The symptoms I've felt from tennis elbow over the past two years haven't changed, even with medication to fight inflammation. Could my pain be coming from something other than inflammation?

Tennis elbow is not always due to inflammation. Pain that first strikes the outside bump of the elbow (the lateral epicondyle) is likely due to inflammation. However, symptoms that are chronic and unchanged after taking anti-inflammatory medications may not be tendonitis.

Conditions that involve inflammation are indicated by "-itis" on the end of the word. For example, inflammation in a tendon is called tendonitis. When tennis elbow is from inflammation around the lateral epicondyle, the medical term is lateral epicondylitis.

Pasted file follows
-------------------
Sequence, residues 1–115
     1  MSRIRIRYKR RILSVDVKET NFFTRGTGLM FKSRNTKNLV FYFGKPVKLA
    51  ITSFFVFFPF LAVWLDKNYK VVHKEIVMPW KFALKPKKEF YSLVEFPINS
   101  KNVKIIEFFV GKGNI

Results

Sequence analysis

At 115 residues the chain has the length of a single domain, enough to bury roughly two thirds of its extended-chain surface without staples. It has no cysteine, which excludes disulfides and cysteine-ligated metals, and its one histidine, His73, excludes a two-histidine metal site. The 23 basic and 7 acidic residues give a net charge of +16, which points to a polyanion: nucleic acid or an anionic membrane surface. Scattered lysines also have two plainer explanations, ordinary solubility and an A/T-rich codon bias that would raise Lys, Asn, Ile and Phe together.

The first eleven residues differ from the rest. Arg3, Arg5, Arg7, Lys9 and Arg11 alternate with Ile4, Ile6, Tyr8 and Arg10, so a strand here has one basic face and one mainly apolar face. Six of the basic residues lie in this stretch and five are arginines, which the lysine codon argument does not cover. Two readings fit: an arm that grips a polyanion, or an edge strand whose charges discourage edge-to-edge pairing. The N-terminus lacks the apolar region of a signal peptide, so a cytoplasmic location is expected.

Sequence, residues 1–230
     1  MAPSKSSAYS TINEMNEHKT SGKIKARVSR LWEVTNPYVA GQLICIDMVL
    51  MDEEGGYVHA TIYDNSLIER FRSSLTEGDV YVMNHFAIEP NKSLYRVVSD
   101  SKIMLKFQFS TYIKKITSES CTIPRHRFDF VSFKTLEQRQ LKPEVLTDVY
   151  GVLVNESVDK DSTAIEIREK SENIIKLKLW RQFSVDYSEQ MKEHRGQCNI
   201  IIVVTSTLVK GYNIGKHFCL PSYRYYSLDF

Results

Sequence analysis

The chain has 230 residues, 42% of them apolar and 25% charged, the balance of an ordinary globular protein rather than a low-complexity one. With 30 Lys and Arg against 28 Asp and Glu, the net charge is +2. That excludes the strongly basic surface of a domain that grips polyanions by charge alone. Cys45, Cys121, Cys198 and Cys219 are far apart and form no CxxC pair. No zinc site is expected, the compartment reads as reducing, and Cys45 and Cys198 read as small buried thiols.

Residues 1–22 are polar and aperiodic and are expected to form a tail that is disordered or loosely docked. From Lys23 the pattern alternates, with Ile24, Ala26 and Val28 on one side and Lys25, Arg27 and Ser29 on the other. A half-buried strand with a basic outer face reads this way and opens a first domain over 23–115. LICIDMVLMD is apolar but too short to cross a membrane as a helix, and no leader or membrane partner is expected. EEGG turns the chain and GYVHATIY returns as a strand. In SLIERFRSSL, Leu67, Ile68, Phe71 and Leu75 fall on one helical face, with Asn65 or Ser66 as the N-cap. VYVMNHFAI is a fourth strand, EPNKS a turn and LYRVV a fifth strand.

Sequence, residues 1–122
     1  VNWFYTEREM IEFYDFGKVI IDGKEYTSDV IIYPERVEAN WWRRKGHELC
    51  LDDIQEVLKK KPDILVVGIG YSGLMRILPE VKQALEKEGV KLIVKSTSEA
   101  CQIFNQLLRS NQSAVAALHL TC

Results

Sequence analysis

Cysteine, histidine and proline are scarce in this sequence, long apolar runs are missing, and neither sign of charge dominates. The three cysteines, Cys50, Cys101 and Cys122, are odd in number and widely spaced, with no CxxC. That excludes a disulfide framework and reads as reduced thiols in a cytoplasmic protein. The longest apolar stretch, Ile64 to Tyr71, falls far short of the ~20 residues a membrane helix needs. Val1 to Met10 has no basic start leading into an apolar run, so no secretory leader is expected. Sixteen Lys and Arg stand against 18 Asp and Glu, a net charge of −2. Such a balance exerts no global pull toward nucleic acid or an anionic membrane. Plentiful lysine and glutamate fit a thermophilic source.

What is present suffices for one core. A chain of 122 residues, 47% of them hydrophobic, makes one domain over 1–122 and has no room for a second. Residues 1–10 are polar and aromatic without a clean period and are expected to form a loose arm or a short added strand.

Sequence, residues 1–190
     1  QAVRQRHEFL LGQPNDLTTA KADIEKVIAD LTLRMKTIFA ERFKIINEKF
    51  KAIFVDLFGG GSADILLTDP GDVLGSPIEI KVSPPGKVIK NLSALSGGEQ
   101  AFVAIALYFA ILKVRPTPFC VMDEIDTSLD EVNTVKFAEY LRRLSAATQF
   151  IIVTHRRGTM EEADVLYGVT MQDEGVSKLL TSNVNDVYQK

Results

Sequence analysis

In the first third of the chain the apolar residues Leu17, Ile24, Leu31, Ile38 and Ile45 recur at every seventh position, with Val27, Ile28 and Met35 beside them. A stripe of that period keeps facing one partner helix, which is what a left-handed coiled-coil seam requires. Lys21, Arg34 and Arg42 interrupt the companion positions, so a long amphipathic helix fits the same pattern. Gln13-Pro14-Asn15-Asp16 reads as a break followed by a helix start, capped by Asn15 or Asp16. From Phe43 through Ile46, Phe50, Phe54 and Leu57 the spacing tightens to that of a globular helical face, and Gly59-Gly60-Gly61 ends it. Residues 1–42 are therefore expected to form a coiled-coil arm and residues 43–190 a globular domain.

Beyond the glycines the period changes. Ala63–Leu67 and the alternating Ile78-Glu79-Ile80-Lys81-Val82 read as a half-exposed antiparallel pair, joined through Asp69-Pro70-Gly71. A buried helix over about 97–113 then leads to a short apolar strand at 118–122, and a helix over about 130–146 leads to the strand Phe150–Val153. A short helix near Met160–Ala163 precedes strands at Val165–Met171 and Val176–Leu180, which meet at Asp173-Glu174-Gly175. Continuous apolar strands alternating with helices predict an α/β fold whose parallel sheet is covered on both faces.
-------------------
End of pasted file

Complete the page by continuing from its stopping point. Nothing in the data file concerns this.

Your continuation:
Rather than a problem with inflammation, you may have symptoms of tendinosis. This is a condition where the body keeps trying to repair the injured tendon. About the time healing gets underway, the tendon becomes strained again. Eventually, the body stops trying to heal the area and instead replaces normal tissue with scar tissue. This leads to degeneration where the forearm extensor tendons attach to the lateral epicondyle. Treatment generally takes longer when the problem involves tendinosis. Talk to your doctor and physical therapist to see what other treatment options can help your condition.